As mentioned, one function of the customer service center 12 is to provide the ISP subscriber 10 with access number status information. Towards this end, the IVR 42 can request and receive status information to and from the access status system 18.

The access status system 18 can include a server 82 that determines the present status of access numbers. In one embodiment, a series of codes can be used to indicate an access number's status. These codes can be associated with configurable messages, which can be presented to the ISP Subscriber 10. Status information and status codes used by the server 82 can be stored in data store 86. Technician 80 can use interface 84 to monitor the server 82 and adjust data within data store 86.

The customer service center 12 and the access status system 18 can be linked to the dialup access center 14 through network 74 and network 78. Information in data store 46, 86, and 52 can be shared across these links. Additionally, Once the ISP Subscriber 10 is connected to the Dial Access System 14, client based routines and data within computer 32 can be accessed by the IVR 42, server 82, and server 50 across network 72, 74, 78, and 76 as needed assuming proper authorization is provided.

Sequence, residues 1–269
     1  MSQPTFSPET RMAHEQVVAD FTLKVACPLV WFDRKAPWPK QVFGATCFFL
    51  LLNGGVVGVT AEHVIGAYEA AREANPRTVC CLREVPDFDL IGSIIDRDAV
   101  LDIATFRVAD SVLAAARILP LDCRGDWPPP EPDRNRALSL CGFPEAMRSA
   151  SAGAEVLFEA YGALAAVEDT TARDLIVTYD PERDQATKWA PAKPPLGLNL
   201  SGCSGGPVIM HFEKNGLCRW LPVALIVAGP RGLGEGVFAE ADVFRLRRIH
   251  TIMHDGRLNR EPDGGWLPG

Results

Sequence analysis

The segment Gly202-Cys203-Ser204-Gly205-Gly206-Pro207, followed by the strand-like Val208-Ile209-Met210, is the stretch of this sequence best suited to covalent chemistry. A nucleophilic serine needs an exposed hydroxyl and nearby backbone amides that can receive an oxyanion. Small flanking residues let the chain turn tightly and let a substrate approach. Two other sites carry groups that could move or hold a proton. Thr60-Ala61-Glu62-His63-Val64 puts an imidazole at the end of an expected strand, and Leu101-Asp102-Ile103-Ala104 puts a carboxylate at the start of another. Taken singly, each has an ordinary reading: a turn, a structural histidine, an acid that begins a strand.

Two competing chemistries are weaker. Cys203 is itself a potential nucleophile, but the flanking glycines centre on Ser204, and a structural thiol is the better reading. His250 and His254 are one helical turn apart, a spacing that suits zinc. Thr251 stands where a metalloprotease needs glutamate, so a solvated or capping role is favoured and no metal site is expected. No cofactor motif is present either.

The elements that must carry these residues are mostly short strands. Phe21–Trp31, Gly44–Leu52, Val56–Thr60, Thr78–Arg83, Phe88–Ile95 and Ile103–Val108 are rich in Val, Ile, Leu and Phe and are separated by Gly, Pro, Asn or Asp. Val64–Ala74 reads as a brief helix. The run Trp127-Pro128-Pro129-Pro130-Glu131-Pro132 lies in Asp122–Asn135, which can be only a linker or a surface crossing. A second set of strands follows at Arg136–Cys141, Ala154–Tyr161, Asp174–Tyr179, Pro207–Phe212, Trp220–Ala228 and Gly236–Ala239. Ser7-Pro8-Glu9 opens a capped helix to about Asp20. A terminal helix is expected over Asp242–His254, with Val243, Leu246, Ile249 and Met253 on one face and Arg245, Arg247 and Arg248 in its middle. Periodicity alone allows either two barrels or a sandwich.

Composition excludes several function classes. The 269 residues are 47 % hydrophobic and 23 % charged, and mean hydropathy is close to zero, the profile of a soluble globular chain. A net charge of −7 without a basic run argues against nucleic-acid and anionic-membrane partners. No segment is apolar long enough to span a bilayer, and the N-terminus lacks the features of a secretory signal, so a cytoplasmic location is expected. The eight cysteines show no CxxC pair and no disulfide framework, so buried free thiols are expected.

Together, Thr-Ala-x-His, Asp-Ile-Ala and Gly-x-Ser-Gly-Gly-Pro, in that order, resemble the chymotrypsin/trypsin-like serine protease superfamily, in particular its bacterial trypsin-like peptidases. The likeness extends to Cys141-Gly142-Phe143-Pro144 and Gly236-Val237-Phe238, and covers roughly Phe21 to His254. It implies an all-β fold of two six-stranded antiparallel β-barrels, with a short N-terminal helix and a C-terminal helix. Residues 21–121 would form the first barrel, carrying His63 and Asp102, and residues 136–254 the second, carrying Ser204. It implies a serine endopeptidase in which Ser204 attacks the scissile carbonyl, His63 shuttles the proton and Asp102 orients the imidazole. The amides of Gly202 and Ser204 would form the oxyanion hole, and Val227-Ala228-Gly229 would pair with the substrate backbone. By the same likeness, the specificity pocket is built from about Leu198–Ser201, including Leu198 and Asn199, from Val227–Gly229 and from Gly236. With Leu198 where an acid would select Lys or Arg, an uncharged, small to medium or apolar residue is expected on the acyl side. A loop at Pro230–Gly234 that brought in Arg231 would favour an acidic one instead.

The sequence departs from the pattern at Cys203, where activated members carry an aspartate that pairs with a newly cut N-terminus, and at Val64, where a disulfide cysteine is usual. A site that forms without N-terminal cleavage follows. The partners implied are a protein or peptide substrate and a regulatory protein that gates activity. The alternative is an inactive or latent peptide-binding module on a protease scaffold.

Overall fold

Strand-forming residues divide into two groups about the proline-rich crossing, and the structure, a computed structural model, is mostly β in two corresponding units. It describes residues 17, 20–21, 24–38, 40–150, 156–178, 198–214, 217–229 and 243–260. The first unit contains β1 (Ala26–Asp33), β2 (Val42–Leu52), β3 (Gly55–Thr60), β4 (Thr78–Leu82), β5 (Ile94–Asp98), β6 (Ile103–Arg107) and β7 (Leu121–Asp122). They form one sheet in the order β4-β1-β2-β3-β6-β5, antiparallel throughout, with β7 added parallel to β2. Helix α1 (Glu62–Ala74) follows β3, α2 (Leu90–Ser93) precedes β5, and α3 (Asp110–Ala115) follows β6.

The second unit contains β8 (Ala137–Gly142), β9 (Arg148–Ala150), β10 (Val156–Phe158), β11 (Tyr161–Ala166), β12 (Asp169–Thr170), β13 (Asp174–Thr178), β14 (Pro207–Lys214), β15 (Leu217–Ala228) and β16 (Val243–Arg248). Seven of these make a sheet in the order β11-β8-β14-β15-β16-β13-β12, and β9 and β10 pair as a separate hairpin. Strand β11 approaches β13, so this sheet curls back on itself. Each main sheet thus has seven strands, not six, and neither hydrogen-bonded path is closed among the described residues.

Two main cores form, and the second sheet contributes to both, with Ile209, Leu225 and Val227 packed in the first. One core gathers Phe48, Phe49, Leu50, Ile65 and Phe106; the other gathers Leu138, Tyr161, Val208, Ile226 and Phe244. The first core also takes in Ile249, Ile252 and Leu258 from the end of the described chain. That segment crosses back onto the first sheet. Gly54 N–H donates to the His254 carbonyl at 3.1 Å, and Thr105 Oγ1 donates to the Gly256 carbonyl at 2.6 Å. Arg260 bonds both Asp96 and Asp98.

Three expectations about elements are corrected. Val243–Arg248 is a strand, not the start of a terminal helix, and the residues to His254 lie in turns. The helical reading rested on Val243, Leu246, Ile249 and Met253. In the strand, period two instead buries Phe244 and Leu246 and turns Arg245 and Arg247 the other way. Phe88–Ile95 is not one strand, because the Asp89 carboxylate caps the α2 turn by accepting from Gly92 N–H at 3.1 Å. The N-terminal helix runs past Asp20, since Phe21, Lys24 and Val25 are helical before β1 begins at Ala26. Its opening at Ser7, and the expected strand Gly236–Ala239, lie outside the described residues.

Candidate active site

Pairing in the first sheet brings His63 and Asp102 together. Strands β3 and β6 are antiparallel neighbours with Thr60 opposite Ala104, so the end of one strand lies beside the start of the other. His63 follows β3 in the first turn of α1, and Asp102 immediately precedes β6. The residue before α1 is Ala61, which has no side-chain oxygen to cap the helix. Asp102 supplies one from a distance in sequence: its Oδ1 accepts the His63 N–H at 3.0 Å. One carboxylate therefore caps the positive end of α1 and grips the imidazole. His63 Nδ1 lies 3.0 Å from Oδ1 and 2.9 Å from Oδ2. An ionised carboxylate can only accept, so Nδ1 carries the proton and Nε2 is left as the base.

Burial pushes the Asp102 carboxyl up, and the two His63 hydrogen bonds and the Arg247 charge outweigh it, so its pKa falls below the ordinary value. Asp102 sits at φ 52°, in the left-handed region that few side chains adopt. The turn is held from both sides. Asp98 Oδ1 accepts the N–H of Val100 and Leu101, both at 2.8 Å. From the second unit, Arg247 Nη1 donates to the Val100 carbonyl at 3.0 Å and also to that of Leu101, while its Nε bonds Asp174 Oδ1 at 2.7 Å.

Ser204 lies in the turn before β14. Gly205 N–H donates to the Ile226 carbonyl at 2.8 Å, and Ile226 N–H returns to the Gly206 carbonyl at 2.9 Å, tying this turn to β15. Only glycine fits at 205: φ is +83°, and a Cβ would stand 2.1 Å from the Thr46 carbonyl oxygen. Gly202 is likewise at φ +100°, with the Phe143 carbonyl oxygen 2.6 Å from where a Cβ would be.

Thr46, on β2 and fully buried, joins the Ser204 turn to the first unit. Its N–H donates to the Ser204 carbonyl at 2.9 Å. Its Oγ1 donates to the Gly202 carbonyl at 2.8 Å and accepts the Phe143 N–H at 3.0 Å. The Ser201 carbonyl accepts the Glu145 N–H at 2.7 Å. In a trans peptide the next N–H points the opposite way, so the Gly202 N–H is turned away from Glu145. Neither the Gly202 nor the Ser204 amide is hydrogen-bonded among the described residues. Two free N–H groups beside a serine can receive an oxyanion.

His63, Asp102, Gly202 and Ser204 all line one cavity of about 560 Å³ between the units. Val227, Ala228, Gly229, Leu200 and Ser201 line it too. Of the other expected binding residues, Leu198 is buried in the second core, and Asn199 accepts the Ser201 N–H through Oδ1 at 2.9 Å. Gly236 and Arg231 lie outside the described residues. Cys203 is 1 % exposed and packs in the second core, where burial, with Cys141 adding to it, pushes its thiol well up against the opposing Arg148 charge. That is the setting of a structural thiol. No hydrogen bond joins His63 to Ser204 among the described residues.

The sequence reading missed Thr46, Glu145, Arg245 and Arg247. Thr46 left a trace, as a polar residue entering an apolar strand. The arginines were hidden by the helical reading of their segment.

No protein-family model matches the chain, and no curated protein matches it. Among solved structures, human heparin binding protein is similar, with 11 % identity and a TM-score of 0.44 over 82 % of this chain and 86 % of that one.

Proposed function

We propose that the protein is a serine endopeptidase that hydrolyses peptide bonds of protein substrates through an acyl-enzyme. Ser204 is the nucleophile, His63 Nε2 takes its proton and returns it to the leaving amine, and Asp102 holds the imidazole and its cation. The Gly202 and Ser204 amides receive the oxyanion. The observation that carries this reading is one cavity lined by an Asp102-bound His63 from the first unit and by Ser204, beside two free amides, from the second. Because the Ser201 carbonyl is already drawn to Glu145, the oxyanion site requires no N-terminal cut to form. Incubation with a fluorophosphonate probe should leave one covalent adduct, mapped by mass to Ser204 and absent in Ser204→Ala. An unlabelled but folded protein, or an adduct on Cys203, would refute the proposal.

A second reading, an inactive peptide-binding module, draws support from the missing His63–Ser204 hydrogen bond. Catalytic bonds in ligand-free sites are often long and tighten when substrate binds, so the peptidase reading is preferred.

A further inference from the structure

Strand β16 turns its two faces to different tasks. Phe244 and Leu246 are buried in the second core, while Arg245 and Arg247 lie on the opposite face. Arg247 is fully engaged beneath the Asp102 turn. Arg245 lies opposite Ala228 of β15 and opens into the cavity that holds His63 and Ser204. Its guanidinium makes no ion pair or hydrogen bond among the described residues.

As used herein, voice link 20 can be a standard public switched telephone network (PSTN) connection, which is typically a circuit-switched connection. The voice link 20 is not limited in this regard, however, and a packet-based connection that utilizes a technology like Voice over Internet Protocol (VoIP) can also form the voice link 20.

Networks 70, 72, 74, 76, 78, and 16 can be implemented as any of a variety of fashions so long as content is conveyed using encoded electromagnetic signals. Further, any of a variety of communication devices, such as customer premise equipment (CPE), computers, modems, routers, switches, or the like, can be included within networks 70, 72, 74, 76, 78, and 16.

Each of the networks 70, 72, 74, 76, 78, and 16 can convey content in a packet-based or circuit-based manner. Additionally, each of the networks 70, 72, 74, 76, 78, and 16 can convey content via landlines or wireless data communication methods. For example, each of the networks 70, 72, 74, 76, 78, and 16 can separately include an Intranet, a local area network, a wide area network, or a combination thereof. In another example, each of the networks 70, 72, 74, 76, 78, and 16 can include a telephony network, like a mobile wireless network or a public switched telephone network (PSTN).